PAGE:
Telemedicine in Emergency: A First Aid Hospital Network Experience

Telemedicine in Emergency: A First Aid Hospital Network Experience

Vincenzo Gullà (Aditech S.R.L, Italy) and Corrado Cancellotti (Hospital “High Chiascio” of Gubbio, Italy)
Copyright: © 2013 |Pages: 9
DOI: 10.4018/978-1-4666-2979-0.ch016
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Abstract

Emergency events are always very critical to manage as in most cases there is a human life risk. Such events could become even more serious when occurring in remote areas not equipped with adequate healthcare facilities, able to manage life risk. This is the case in many rural geographical areas. In such scenarios telemedicine can play a very important and determinant role. This is mainly the basis of the experience described in the following chapter about telemedicine application in a small hospital located in the town of Branca, near Gubbio Italy. The first aid department, responsible for emergency support in a territory where distances between houses and hospital is quite important and the lack of healthcare structures and speedways connections makes it even more difficult, has decided to use telemedicine solutions to face the emergency events. The experience has shown how the use of Videocommunication based telemedicine systems has improved the service and what procedural impact the adoption of such technology has required. A brief description of the experience and highlights of the service still under experimentation will be shown in the following.
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Introduction

The term “telemedicine” is a neologism arising from the composition of two terms: telematics (i.e. the set of applications derived from the integration of information technology with telecommunications, based on the exchange of data or the access to archives through the telephone network) and medicine. Telemedicine de facto involves the use of telecommunications, information and computer technologies to support the healthcare providers. Fittingly, then, telemedicine is defined as “the use of remote medical competence in the place where the need arises” and wide areas a very appropriate for such applications (see Figure 1).

Figure 1.

Map of the area covered by the service provision

Upon this principle the Branca hospital Emergency department has recently started a very new experience. The department was equipped with a new telemedicine system able to create a two way video link with rescue crews during an emergency intervention, provide a real time medical consultation and guidelines to the onsite crew to manage the event. It is in fact a centralized system which enables the emergency physician to monitor the patient, subject to an emergency intervention directly in the ambulance or in the patient’s own home, thanks to the use of video communication and mobile 3G connections. Such a system is revealed as an instrument of great value. It is optimal for supported medical resources that provide assistance to extended geographical areas but sparsely populated and the distances between the patient’s home and hospital are often important (Oh, Rizo, Enkin, & Jadad, 2005; Pattichis et al., 2002).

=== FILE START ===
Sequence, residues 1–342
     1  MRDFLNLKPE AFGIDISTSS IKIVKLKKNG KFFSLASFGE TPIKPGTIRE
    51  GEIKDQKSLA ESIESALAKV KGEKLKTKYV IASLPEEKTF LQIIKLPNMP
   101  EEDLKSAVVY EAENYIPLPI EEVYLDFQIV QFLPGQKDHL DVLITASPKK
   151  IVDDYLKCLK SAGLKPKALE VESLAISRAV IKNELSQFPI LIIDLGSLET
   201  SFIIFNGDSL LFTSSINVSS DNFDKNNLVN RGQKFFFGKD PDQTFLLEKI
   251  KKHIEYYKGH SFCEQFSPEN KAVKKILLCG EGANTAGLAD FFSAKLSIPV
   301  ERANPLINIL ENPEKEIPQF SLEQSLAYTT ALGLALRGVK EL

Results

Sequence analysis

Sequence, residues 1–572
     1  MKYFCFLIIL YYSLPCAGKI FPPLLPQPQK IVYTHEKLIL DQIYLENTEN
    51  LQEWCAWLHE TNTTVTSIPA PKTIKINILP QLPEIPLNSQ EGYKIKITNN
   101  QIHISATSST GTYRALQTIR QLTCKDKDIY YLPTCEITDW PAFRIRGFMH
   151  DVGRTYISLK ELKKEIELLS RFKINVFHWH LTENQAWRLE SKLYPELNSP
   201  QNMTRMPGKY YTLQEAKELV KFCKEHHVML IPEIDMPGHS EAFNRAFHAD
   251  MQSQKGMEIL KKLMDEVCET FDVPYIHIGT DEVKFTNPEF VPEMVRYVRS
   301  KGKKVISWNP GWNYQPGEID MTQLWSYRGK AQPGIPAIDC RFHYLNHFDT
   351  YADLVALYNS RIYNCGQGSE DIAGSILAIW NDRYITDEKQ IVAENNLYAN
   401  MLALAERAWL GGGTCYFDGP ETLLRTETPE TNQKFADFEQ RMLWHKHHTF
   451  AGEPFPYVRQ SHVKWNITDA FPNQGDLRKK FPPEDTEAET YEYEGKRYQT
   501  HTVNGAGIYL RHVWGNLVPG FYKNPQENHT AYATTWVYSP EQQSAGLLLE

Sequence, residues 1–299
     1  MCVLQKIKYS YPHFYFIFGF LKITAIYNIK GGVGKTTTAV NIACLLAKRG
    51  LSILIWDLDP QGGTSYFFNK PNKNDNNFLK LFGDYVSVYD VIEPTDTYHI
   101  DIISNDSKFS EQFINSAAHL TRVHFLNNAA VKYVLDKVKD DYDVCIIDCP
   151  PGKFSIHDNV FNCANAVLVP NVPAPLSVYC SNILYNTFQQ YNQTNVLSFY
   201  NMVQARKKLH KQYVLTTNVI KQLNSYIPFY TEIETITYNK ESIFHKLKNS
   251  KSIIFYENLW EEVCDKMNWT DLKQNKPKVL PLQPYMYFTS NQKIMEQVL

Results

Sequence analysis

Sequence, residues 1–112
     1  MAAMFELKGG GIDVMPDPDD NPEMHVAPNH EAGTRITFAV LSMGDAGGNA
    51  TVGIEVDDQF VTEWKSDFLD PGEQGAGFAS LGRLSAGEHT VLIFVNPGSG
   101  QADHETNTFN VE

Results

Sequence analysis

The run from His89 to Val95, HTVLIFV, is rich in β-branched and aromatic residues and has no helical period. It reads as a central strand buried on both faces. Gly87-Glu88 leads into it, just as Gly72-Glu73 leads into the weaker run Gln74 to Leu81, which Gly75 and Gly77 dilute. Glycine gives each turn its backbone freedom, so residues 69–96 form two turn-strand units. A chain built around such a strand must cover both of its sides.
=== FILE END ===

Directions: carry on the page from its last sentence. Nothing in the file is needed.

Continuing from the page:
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Background

Our experience has shown that telemedicine can provide many advantages to the NHS, to service providers, healthcare organizations, physicians and patients. With regard to the NHS, it is undeniable that the uptake of telemedicine can lead to a significant lowering of direct and indirect costs of healthcare (just think of the reduction of unnecessary administrative work, greater rationalization in the use of staff, as well as greater effectiveness in prevention). For companies and service providers or healthcare organizations, telemedicine may involve the general improvement of services and increase simplification in cooperation between specialized care centers and primary health care centers, particularly in emergencies and in acute cases, as well as the possibility of adaptation of healthcare to sudden rises of the number of patients (e.g. during earthquakes or disasters). Thus remains evident that telemedicine is able to provide medical services in remote areas, especially in cases where this is imposed by the need to eliminate the space-time distances when emergency events occur. For physicians and healthcare workers generally the use of telemedicine involves definitely an incentive to increase professionalism through systems such as Teleconsultation and videoconferencing, making it easier and cheaper to upgrade professional skills, i.e. through the exchange of texts, data research and generally increase the quality of a doctor's decision making process, being able to access more quickly and easily, to information about the patient, history and medical available resource.(Eysenbach, 2001, Currell, Urquhart, Wainwright, & Lewis, 2006).

In particular it should be noted that the use of telemedicine in healthcare must comply with the principle, valid for the adoption of all the new technologies, that it “must always be carried out in the context of a program, trying to replace the concept that the use of technology is able to rationalize processes and pathways so unquestioned, carefully planning analysis and evaluations based on experiences already gained” (Swinfen & Swinfen, 2002).

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